Scream Horror Magazine

Eurohorror of the Week: After Death (1988)

Posted on: April 24th, 2017

Better known in the US and UK as ZOMBIE 4: AFTER DEATH and ZOMBIE FLESH EATERS 3 respectively, this tawdry effort from Claudio (TROLL 2) Fragasso doesn’t even deserve to live on the same shelf as Lucio Fulci’s ’79 classic, whatever you feel like calling it. Can OLTRE LA MORTE be any worse than that Fulci / Bruno Mattei, Fragasso-scripted fiasco ZOMBI 3 / ZOMBIE FLESH EATERS 2 of the same year? Why, yes sir. Yes it can.

In a garbled and mostly irrelevant narrated introduction, we learn that a bunch of scientists have set up camp on an obscure jungle island, researching a cure for cancer. Or something. In doing so they provoke the ire of the local voodoo priest, and when he’s filled fulla lead by one of their number he ushers forth a curse that sees a plague of zombies wipe them out instantly. The only survivor is a young child named Jenny. Twenty years later (although everyone still looks very late-eighties to me), the adult Jenny (Candice Daly) accidentally finds herself back at the remote, extremely hard-to-find island, travelling in a tiny motorboat, for reasons unexplained, with a small group of grizzled but decidedly out-of-shape soldiers of fortune.

By complete coincidence, another group, including gay porn star Jeff Stryker (billed here under his real name of Chuck Peyton), who’s in tip-top shape thank you very much, turns up at the island at the same time. They’re looking for ‘answers’ regarding the events of twenty years ago, despite the fact that they don’t seem to be connected to the unfortunate group of researchers in any way, shape, or form, and are clearly too young to have known any of them.

When one of this trio foolishly reads from the ‘Book of Death’, found in the late voodoo priest’s underground temple, the undead suddenly start to rise from their graves – or, more accurately, up out of the leaves and grass they had covering them. All this despite the fact that we’ve just had it spelled out for us that the island is already infested with zombies. If you’ve seen just about any other zombie movie ever, you can guess the rest.

To make up for receiving no on-screen credit for her work on ZOMBI 3, screenwriter Rosella Drudi is given full credit for this one, despite it being co-written by her husband, Fragasso. Bet she’s over the moon about that. The acting and dialogue are uniformly dreadful, and Franco Di Girolamo’s flat TV movie cinematography makes the film look even cheaper than it actually is.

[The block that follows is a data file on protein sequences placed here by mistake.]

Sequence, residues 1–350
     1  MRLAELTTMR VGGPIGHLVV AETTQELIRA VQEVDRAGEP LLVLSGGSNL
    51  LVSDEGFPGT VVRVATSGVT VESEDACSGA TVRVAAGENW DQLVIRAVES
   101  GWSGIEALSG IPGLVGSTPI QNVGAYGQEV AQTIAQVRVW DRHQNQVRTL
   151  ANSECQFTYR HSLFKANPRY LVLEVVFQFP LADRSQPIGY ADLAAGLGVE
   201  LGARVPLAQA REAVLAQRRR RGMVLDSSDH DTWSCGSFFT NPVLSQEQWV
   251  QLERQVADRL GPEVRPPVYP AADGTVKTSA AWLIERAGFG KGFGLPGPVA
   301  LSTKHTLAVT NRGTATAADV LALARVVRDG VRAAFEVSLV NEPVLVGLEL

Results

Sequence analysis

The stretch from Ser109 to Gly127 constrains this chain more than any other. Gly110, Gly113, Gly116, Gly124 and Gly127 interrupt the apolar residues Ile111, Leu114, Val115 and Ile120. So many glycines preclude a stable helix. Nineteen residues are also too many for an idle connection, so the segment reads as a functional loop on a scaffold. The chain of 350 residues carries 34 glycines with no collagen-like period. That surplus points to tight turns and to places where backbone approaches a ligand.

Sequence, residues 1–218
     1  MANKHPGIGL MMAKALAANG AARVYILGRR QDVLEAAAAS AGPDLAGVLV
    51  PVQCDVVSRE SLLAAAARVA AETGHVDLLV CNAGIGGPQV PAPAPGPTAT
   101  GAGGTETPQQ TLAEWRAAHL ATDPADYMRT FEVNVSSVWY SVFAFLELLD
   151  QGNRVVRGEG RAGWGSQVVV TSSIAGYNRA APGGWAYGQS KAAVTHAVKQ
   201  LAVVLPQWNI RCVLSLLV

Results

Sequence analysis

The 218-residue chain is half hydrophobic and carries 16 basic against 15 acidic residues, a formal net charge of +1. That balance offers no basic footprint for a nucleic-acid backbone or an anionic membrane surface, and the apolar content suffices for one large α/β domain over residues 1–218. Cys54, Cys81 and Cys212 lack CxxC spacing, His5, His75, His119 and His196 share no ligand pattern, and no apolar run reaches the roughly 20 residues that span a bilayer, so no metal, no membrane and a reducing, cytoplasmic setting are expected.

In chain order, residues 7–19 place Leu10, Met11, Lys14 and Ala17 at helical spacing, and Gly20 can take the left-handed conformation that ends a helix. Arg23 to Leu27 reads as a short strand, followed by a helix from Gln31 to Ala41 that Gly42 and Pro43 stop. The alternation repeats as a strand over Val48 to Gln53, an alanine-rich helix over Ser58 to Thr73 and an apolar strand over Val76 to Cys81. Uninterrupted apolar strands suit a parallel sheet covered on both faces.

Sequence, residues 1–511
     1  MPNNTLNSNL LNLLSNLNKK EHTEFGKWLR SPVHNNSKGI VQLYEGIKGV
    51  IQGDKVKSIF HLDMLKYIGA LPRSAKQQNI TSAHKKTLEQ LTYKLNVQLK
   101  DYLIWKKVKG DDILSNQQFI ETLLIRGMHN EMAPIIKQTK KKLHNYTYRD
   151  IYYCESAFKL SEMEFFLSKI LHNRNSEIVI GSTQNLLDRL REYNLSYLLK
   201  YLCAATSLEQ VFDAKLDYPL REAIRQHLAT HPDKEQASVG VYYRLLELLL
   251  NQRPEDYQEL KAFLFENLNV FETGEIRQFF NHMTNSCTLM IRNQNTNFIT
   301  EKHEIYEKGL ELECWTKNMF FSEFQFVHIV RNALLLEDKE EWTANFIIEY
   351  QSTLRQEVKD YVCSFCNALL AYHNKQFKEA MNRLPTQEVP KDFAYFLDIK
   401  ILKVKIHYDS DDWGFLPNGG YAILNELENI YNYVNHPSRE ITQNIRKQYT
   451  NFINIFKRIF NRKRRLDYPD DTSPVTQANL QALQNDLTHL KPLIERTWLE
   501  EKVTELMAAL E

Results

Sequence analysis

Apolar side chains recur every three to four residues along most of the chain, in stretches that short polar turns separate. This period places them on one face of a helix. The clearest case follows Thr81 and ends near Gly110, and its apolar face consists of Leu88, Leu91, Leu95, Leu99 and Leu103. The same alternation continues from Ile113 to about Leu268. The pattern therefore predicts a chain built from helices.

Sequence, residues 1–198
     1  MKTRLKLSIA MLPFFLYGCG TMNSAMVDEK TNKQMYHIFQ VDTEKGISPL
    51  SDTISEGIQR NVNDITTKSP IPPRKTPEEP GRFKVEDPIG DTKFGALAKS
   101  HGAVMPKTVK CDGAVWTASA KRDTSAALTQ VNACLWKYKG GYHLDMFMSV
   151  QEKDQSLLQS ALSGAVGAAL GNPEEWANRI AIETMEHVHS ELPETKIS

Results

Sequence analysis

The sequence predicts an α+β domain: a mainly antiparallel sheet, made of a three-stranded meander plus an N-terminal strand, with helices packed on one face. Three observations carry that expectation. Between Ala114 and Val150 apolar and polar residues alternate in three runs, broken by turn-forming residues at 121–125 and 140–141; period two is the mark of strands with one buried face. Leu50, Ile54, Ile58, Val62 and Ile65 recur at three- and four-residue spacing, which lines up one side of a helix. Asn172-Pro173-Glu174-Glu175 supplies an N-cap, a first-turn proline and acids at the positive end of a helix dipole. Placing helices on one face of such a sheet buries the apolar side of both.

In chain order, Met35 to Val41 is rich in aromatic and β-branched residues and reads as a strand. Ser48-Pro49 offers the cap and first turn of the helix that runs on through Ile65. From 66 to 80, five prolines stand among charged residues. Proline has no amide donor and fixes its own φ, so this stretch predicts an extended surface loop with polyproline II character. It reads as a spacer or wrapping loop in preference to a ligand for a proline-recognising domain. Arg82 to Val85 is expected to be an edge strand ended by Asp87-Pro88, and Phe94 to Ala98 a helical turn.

Clearly trying to summon the spirit (or rather, cash influx) of recent hits DEMONS and RETURN OF THE LIVING DEAD (both 1985), Fragasso brings deadites of the fast-moving variety. Well, at least when he remembers to. They’re quite literally jumping out all over the place in their crummy make-up, as well as performing exaggerated leaps backwards whenever one of our heroes deals them a feeble-looking blow.

ZOMBI 3 remains irritating because it can’t even get its own undead lore straight, and things are even worse here. Some of them run and jump, others just shamble Romero-style, and some can even talk. The talking ones seem to be solely the reanimated corpses of our white explorers, rather than the supposedly Afro-Caribbean ‘natives’ (the extras were mostly Filipino) that make up the vast majority. Make what you will of that one. You’ll probably be right.

Although adding to the general hilarity, matters aren’t helped by the film’s grating late-eighties synth and soft rock (“I’m living after deeeaath!”) score from one Al Festa, who’d go on to direct the possibly even more terrible ‘giallo nuovo’ that is FATAL FRAMES (1996). Not only were electronic soundtracks fashionable at the time, but the Italian genre film factory was also on its knees, so we can’t be too surprised that they passed over Bruno Nicolai with a big orchestra in favour of one guy piddling around on a Yamaha keyboard. Like most electronic scores of this period, it serves mainly to remind one just how good John Carpenter is.

Fake Fulci connection notwithstanding, the only reason that AFTER DEATH hasn’t faded completely into the mists of crap film history is – you guessed it – the copious amount of blood n’ guts on display. Although for the most part poorly executed, the various throat-rippings and faces torn off, etc, make it an nigh-irresistible must-see for any Italian splatter completist. Once all the good ones have been done, anyway. An infamous bravura gore sequence at the film’s climax, where a zombie hand comes bursting through someone’s torso for a spot of ‘human puppetry’, may well look fake, but still remains absolutely F***ING HORRIBLE. So, while a solid one in every other aspect imaginable, the film at least gets ten out of ten for pure gore enthusiasm.

While watching AFTER DEATH alone and stone cold sober may well make you consider eschewing horror fandom altogether in favour of basket-weaving or line-dancing, the simple addition of alcohol, pizza, and a friend or two is guaranteed to make for a far more entertaining prospect. And, no matter how wankered you may subsequently become, you can remain safe in the knowledge that you’re still probably more coherent than the plot or any of the characters at any given moment in the film.

Rob Talbot

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